Analysis has shown that income inequality can lead to lower marriage rates and lower birth rates.

The Korea Labor Research Institute said this in its report 'Dynamic Analysis of Labor and Childbearing Intentions'.

The researchers looked at the correlation between male income levels and marriage rates and used statistics from 19 to 2017 to rule out COVID-2019 variables.

The percentage of marriages, which refers to the percentage who have been married at least once, has increased with higher income levels among all age groups.

The difference in marriage rates by income level was particularly pronounced among those over 40 years of age.

From 2017 to 2019, only 20% of the bottom 26% of income quintiles (30st quintile) of those in their mid-to-late 10s (1 to 8 years old) had been married, while 10% of the top 10% of income quintiles (29th quintile) had been married.

In the early to mid-30s, 10% of the bottom 31% of earners and 10% of the top 76% had been married, while in the mid-to-late 30s, 10% of the bottom 47% of income earners and 10% of the top 91% had been married.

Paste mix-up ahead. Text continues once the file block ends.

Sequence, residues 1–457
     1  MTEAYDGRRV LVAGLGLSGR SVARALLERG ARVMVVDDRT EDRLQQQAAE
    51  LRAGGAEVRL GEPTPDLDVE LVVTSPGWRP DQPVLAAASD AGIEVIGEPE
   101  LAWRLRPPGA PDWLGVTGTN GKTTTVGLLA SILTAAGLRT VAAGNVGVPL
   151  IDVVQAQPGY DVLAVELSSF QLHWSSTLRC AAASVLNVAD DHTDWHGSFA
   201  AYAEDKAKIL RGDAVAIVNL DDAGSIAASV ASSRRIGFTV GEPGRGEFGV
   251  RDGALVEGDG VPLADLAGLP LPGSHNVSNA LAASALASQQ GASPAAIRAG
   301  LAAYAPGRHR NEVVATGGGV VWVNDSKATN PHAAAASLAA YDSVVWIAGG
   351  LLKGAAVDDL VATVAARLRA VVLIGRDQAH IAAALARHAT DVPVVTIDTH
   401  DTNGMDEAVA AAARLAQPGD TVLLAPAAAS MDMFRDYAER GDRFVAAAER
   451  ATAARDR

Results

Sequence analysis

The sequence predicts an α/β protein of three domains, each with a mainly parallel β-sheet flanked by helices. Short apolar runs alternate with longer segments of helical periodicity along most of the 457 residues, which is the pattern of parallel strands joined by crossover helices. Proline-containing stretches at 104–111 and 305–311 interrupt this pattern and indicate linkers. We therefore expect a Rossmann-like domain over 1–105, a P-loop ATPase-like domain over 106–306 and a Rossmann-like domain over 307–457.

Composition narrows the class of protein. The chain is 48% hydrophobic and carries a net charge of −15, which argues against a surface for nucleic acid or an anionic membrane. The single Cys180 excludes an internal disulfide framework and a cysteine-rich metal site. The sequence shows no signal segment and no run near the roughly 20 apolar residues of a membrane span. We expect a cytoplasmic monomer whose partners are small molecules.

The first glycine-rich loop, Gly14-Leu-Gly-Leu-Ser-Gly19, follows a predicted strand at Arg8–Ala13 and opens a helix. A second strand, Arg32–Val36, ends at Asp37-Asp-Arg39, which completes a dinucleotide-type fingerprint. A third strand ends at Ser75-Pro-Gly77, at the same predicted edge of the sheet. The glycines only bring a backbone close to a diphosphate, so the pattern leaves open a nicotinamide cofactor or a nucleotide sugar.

In their early to mid-40s, 10% of the bottom 58% of income and 10% of the top 96% had been married, while in the mid-to-late 40s, 10% of the bottom 73% of income earners and 10% of the top 98% of income had been married.

While high-income men marry rapidly after their late 30s, low-income men often remain unmarried, the report said.

In particular, it has been analyzed that increasing inequality in men's wages reduces the likelihood of marriage by increasing the number of men who do not meet the income level required for marriage.

"The marriage rate is declining even though men's average economic strength is better than in the past," said Kwak Eun-hye, deputy research fellow who authored the report, adding, "The findings suggest that policy concerns about income inequality and distribution among men may help address low birth rates."